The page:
Note that the OP said the final image shows "how the tartan might have been rendered." Key word is "might." There is not certainty in this. Not to mention that the image will be rendered differently depending on each person's monitor and software settings, etc.

    As one color scientist has said "It is rare that a color reproduction actually matches an original object." Principles of Color Technology, 3rd ed, Roy S. Berns, John Wiley & Sons (2000), p. 29.

    So how do we know if we have our colors right? Even if it was right, we couldn't prove it.
    Scotty and DaddyO like this.
  7. fogie A Fixture

    Made even worse of course by the variabilities of each batch of dyed threads. the temperature, the climate and its effect on the plant materials, the lanolin
    levels in the raw wool, not forgetting the acidity of the mordant ............bugger..........the only thing we can do is run !
    Scotty and harrytheheid like this.
  8. billyturnip A Fixture

    No, the only thing we can do as figure painters is the best we can with the available information, let those that worry about such things and pontificate on the internet stress themselves for no reason while the rest of us enjoy our hobby.
  9. harrytheheid PlanetFigure Supporter

    Nope, neither do I.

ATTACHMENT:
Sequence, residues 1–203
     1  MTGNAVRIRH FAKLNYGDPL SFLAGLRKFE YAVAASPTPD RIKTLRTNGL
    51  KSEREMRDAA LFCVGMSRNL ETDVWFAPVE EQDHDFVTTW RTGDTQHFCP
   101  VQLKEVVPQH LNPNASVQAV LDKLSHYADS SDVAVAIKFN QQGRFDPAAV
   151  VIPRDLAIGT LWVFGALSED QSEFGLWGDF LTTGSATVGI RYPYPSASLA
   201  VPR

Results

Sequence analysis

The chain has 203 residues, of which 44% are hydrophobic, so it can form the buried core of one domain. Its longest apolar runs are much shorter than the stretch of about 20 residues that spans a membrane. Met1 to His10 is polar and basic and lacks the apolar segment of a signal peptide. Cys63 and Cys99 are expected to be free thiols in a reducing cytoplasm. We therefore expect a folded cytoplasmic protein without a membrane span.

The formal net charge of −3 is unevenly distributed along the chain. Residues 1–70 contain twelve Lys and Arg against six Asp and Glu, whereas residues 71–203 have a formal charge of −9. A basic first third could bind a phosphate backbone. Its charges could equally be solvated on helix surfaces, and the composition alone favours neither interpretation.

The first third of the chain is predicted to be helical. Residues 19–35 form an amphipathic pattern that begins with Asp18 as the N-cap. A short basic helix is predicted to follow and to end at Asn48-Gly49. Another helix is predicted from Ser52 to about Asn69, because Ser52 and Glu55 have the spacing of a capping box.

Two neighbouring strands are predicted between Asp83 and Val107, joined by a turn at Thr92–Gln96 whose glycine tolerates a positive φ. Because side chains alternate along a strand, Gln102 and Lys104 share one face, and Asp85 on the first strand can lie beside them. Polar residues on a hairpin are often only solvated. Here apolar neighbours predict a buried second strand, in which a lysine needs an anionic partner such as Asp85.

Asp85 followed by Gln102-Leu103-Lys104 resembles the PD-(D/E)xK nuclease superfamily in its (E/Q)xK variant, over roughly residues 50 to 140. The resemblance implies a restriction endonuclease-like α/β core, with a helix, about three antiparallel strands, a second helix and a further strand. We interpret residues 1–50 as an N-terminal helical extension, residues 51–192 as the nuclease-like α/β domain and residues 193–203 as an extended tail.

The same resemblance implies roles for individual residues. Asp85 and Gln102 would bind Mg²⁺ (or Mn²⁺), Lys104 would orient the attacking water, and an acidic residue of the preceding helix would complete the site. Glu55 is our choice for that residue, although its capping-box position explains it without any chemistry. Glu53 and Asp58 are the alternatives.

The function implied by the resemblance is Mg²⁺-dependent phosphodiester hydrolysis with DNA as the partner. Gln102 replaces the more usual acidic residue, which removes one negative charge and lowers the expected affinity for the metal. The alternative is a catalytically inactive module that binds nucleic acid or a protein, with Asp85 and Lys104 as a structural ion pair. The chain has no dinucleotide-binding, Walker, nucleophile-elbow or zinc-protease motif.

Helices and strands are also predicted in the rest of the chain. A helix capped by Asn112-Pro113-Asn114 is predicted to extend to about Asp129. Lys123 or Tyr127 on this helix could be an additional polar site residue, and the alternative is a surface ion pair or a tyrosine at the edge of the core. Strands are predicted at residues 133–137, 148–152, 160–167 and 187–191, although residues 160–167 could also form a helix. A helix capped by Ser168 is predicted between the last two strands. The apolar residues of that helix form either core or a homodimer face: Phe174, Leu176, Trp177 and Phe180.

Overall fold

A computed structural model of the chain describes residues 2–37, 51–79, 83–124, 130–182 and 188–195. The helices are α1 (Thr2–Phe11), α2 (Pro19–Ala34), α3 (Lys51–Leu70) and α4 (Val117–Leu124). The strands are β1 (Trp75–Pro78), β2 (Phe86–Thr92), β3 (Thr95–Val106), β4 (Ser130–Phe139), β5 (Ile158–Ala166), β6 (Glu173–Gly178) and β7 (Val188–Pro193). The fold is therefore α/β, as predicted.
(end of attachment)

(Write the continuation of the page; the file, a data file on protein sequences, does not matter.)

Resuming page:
Unfortunately, there's always those who want to bang the drum for their favorite agenda whether it's paint colors or anything else they've got a bee in their bonnet about this week - it'll be something else next week.
    Best ignored of course.

    Hear, hear.
    The self-appointed internet bores remind me of the guy in the pub that drones on and on, not realizing that no-one's the slightest bit interested.
    Scotty, billyturnip and DaddyO like this.
  10. DaddyO A Fixture

    Excellent discussion on one of my favourite topics (y)

    Good points made by all so far. I'll add that a friend works at a local museum which spends a lot of time with the 'helpers' making or reproducing things using available technology (It's the Ancient Technology Centre in Dorset if anyone fancies a day out - they hold regular weekend events which are well worth a trip)
    Anyway back to the main point which was to say that they've found that quite striking colours can be made using plant and mineral dyes (much brighter than I would have imagined), but as Mike has already said those colours are very fugitive and quickly fade to much less vivid versions. (If anyone makes raspberry ice-cream at home they'll know the fabulous startling pink colour looks completely artificial even though it's just the juice of the fruit adding the colour)